The White Paper represents a significant ratcheting down of Commission President Barroso's past aspirations for EU climate policy. Before the Copenhagen climate summit in 2009, Barroso said the "most important issue" was to have binding targets from developed countries. 
"As climate impacts increase, globally and here in Europe, it is unthinkable to decrease EU climate ambition," Trio
continued. "Furthermore, a weak or voluntary renewables target will not provide the investor certainty we need to
kick-start the green economy, create jobs and reduce the cost of decarbonisation."
Today NGOs sounded the alarm in front of the Berlaymont building in Brussels, sending out a Climate SOS to European leaders to put the EU's climate policy back on course.  We call on heads of state and government to re-inject this proposal with the ambition needed to avoid catastrophic climate change. CAN Europe is calling for binding EU-wide targets of at least 55% greenhouse gas reductions, 45% renewable energy share and 40% energy savings.
1- Climate Action Network (CAN) Europe is a coalition of more than 120 NGOs in over 25 European countries
working to prevent dangerous climate change and promote sustainable climate and energy policy in Europe.
2- A -40% GHG target is based on IPCC's 2007 report, which assumed both a peak in global emissions by 2015
and for global emissions to drop to 44 GtCO2-e by 2020. Neither will happen - UNEP estimates emissions
to be at 52 GtCO2-e at best. Therefore, to stay below 2 degrees, UNEP recommends more ambitious
pathways post 2020, in line with the upper end of the EU target to reduce emissions by 80-95% by 2050. A
-40% by 2030 target would put the EU on a pathway to only -80% by 2050.
3- Commission's 2050 Low Carbon Roadmap: ec.europa.eu/clima/policies/roadmap/index_en.htm
Analysis of the impact assessment of the 2030 white paper by the Wuppertal Institute:
4- Excerpts from a 2009 speech by Barroso about the importance of binding targets: http://
5- Hi-res photographs from today's action in front of the Berlaymont will be available from 15:00 today at
6- Reducing greenhouse gas emissions reap large health co-benefits. Improvement in air quality leads
to lower rates of respiratory and cardiovascular diseases and economic gains as health care expenses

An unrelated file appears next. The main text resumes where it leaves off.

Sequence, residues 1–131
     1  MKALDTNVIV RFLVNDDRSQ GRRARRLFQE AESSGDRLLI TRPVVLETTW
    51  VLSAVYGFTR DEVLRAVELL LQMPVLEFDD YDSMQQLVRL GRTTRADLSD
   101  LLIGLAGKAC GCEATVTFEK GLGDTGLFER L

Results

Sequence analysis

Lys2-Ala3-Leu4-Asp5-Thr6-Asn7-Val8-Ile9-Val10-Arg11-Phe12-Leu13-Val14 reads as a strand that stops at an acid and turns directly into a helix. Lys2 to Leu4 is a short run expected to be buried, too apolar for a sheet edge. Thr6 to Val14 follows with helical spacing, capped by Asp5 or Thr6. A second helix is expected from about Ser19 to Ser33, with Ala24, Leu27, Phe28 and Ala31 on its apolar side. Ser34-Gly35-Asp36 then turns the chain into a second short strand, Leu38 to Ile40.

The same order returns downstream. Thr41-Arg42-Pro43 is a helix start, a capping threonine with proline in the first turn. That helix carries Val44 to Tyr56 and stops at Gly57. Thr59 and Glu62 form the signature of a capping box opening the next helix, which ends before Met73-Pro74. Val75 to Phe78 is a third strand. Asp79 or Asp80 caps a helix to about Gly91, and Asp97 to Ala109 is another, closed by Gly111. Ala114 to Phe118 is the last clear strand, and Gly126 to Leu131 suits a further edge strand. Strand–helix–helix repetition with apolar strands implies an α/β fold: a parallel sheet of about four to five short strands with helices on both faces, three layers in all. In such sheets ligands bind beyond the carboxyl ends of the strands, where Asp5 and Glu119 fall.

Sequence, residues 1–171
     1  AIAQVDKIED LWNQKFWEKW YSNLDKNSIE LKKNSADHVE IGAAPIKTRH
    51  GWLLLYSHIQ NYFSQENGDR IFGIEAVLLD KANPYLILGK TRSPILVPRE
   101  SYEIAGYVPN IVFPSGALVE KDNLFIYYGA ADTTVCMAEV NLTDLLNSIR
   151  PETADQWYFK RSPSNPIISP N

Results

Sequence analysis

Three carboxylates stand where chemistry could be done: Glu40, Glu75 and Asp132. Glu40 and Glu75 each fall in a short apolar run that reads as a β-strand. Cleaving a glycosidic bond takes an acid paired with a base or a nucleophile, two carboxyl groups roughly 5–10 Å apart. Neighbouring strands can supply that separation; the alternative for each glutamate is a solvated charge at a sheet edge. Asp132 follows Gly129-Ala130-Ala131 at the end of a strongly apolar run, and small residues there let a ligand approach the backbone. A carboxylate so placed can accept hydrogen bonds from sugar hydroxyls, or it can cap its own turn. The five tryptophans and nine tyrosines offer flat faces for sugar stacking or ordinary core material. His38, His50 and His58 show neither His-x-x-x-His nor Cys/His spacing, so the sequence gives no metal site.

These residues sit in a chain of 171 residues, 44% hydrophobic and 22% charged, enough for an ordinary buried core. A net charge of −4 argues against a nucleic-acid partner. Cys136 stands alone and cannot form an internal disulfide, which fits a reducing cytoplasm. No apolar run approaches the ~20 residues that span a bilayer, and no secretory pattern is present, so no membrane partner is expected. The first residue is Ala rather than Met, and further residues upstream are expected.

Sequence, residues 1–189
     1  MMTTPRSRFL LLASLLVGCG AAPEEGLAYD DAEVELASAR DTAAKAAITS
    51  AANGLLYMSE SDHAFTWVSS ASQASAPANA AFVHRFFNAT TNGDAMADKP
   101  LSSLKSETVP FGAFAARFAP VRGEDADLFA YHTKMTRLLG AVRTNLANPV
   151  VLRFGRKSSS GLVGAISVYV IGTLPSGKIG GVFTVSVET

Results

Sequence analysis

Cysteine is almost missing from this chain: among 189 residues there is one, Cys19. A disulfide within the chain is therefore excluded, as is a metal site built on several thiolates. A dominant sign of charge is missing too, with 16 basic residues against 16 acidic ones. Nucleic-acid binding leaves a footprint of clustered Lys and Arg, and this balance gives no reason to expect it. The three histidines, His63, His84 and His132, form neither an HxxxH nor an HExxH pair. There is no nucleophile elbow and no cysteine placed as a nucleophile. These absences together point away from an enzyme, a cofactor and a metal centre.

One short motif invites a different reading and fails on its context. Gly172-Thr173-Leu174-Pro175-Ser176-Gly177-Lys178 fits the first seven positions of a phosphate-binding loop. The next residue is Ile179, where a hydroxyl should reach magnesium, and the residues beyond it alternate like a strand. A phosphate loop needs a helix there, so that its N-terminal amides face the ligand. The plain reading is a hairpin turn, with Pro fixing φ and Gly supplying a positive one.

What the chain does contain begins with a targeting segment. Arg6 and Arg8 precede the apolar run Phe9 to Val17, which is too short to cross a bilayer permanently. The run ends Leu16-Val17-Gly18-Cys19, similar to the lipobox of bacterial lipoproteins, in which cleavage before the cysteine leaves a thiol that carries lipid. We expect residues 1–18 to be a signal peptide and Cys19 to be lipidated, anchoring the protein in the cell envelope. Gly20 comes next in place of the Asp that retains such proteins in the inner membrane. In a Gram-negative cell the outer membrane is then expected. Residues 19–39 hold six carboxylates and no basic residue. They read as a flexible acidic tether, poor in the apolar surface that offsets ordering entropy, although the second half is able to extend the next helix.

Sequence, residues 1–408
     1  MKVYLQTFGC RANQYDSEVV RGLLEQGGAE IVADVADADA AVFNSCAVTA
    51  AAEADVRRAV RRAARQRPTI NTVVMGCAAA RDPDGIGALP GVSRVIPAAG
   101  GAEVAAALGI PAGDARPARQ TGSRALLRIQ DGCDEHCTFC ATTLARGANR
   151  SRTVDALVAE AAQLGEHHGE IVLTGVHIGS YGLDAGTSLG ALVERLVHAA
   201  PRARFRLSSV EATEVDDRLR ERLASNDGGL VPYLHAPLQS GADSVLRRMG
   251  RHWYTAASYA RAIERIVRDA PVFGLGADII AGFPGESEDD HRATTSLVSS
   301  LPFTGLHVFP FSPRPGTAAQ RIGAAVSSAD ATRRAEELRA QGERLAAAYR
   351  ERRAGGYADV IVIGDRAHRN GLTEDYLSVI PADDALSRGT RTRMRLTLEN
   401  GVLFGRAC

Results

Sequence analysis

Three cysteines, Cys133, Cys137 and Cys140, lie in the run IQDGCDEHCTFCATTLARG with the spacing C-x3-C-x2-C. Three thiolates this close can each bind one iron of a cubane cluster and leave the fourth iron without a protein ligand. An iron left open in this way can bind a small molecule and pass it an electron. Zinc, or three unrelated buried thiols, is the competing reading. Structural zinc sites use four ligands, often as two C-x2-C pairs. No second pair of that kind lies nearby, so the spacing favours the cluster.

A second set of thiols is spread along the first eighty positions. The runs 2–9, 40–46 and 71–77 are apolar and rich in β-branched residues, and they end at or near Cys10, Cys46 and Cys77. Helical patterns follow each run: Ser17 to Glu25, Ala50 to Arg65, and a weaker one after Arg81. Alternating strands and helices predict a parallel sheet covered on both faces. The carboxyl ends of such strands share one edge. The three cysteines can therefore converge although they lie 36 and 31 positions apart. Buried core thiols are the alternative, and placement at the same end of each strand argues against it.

decrease, while productivity increases. Contact a spokesperson from the Health and Environment Alliance
(HEAL), listed above, for more information.
[16 December 2013] – FOR IMMEDIATE RELEASE – CAN Europe and WWF welcomed today’s final approval by EU ministers for the “backloading” measure that will temporarily withdraw 900 million pollution permits from the EU Emissions Trading System (ETS). After almost a year and a half of wrangling, the temporary “quick fix” for the glut of permits on the EU’s carbon market finally nears implementation with EU Member States backing the measure by an overwhelming majority.
“The final approval of the carbon-market fix is a step in the right direction but it is only a patch up solution. These toxic permits will now hang as the sword of Damocles over the EU ETS and risk causing a second carbon price crash if they return to the carbon market,” said Sam Van den plas, Climate Policy Officer at WWF. “What we need is structural reform measures for the EU ETS that include a supply mechanism to remove pollution permits from the market permanently before 2020.”
The backloading measure will delay from auction 900 million pollution permits, which will return to the market before 2020. Putting this number in perspective, at the end 2012 the total surplus accumulated on the EU’s carbon market reached almost two billion.
“The oversupply of pollution permits remains a ball and chain for EU climate ambition and a threat to environmental integrity of the upcoming climate and energy package,” said Julia Michalak, EU Climate Policy Officer at CAN Europe. “Any new proposals for EU climate policy will be seriously undermined without deep ETS reform.”
The European Commission is scheduled to publish proposals for structural reform of the EU ETS and a climate and energy policy framework for 2030 in mid-January. The EU must provide the signals needed for investor confidence to help the EU stay on the road to decarbonisation.
In order to revive the EU ETS, CAN Europe and WWF are calling for permanent removal of at least 2.2 billion allowances before 2020 and an increase in the annual emission reduction trajectory to at least 2.6%. The next climate and energy package must include ambitious, binding targets of at least 55% greenhouse gas emission reductions, 45% renewable energy and 40% energy savings by 2030.
Why must the ETS be fixed?